Doctors are unlikely to stop screening men for prostate cancer, even though about half agree they should, according to a small survey of physicians from the Johns Hopkins University School of Medicine.
Many prostate cancer patients and their doctors were outraged after a government advisory panel recommended Monday that physicians stop using the PSA blood test to screen healthy men. In its statement, the U.S. Preventive Services Task Force noted that the PSA has never been shown to reduce overall deaths, although treatments often make men impotent or incontinent.
Doctors gave conflicting and sometimes surprising responses, however, to a survey about those guidelines and whether they would follow them.
Although about half of primary care doctors agreed with the guidelines, less than 2% said they planned to actually follow them and completely stop using the PSA.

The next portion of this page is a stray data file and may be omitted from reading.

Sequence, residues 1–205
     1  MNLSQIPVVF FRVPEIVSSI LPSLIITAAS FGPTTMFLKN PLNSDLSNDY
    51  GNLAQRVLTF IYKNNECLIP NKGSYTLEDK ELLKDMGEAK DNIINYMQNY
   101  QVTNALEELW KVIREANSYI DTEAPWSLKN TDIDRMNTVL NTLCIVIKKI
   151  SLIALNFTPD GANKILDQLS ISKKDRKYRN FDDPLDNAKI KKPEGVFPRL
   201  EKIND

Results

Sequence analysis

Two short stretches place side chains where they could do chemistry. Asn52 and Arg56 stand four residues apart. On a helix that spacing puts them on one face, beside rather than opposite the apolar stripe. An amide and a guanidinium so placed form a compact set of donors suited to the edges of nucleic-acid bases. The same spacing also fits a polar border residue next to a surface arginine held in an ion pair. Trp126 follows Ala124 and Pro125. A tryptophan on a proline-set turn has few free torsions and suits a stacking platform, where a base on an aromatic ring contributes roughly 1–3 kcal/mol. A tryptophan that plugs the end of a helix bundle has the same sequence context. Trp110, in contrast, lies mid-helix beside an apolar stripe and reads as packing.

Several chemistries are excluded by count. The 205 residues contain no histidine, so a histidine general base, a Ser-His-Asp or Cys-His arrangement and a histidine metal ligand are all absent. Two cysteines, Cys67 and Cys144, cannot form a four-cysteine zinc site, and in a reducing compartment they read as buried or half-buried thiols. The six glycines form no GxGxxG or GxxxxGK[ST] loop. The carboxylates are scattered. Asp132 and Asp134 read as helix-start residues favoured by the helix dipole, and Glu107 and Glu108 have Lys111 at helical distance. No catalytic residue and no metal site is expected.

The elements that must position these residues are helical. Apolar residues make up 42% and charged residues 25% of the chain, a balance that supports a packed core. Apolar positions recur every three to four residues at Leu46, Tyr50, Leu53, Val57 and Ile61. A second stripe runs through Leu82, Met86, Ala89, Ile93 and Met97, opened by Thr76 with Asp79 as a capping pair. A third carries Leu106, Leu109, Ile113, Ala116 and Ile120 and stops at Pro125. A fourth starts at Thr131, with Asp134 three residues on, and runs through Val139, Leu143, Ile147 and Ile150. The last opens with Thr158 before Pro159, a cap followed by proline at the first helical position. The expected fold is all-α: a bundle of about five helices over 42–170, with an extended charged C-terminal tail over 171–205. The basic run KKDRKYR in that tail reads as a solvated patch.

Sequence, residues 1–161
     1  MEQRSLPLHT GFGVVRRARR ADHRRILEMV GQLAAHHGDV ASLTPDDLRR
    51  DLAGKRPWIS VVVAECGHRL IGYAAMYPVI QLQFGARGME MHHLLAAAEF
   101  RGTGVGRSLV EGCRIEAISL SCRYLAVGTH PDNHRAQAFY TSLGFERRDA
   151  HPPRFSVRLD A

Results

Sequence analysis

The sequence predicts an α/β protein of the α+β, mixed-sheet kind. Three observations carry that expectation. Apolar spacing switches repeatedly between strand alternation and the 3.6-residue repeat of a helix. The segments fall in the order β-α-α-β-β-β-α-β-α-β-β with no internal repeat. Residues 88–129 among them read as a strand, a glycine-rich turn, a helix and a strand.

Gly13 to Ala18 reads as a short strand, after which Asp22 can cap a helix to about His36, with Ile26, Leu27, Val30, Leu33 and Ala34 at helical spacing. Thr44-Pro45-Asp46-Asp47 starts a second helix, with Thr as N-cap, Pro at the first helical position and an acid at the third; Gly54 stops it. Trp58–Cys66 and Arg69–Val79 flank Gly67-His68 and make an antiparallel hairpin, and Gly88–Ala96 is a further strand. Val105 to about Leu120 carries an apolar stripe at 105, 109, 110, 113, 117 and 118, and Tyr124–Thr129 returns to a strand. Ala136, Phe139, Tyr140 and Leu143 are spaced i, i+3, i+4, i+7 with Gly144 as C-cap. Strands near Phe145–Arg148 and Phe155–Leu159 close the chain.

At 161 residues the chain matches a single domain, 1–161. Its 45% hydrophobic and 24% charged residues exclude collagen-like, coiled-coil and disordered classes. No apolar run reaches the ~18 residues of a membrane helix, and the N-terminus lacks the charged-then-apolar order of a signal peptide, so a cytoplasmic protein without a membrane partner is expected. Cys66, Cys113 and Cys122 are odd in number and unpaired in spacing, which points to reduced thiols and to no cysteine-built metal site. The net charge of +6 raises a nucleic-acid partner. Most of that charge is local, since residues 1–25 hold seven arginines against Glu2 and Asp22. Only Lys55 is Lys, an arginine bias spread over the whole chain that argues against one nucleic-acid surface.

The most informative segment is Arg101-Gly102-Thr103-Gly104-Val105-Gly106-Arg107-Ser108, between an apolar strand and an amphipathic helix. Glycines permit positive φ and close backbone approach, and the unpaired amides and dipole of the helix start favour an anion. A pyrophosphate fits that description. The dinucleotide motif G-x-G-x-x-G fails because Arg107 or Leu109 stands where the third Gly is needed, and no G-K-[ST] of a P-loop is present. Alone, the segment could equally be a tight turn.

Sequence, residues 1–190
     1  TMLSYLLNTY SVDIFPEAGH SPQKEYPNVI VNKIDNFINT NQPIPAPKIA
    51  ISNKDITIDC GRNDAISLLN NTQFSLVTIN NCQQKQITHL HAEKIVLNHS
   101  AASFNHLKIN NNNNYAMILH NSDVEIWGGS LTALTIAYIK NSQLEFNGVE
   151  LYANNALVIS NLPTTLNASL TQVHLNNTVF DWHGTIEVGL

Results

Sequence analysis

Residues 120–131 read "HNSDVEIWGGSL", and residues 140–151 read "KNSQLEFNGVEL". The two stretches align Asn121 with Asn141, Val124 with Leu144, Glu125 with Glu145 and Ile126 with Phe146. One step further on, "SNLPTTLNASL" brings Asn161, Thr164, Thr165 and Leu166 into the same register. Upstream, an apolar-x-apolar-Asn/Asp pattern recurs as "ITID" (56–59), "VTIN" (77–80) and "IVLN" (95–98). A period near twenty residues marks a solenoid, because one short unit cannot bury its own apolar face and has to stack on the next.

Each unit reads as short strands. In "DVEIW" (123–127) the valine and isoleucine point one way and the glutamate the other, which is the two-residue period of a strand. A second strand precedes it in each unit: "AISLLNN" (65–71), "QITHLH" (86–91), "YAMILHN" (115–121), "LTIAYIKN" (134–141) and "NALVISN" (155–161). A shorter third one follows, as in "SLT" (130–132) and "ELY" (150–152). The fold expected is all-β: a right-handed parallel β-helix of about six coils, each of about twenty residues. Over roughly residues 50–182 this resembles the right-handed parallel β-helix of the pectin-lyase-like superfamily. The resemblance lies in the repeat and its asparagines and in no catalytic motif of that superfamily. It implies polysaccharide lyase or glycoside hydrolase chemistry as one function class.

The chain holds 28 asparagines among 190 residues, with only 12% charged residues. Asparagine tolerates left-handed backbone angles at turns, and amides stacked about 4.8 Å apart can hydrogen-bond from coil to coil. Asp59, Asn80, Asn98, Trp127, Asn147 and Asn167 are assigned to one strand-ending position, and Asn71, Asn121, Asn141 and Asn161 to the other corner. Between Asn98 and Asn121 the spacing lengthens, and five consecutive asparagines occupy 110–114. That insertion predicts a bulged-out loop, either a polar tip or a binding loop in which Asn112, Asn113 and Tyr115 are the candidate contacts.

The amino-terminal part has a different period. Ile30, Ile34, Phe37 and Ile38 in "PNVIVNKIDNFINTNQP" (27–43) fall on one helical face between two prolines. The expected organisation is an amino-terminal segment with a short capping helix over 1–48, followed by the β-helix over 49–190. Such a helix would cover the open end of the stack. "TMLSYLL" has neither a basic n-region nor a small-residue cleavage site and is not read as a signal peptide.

More than 60% of doctors, however, said that the guidelines would make them “much less” or “somewhat less” likely to order routine PSA tests for all men. The survey of 114 community physicians was taken in October, after the task force issued draft guidelines. The survey was published in April in Archives of Internal Medicine. The final guidelines came out Monday.
“Many of the doctors agreed we should not be ordering routine PSA screenings on everyone,” says study author Craig Pollack, an assistant professor of general internal medicine at Johns Hopkins. “But there is still some degree of uncertainty.”
To read the entire story by Liz Szabo, got to USA Today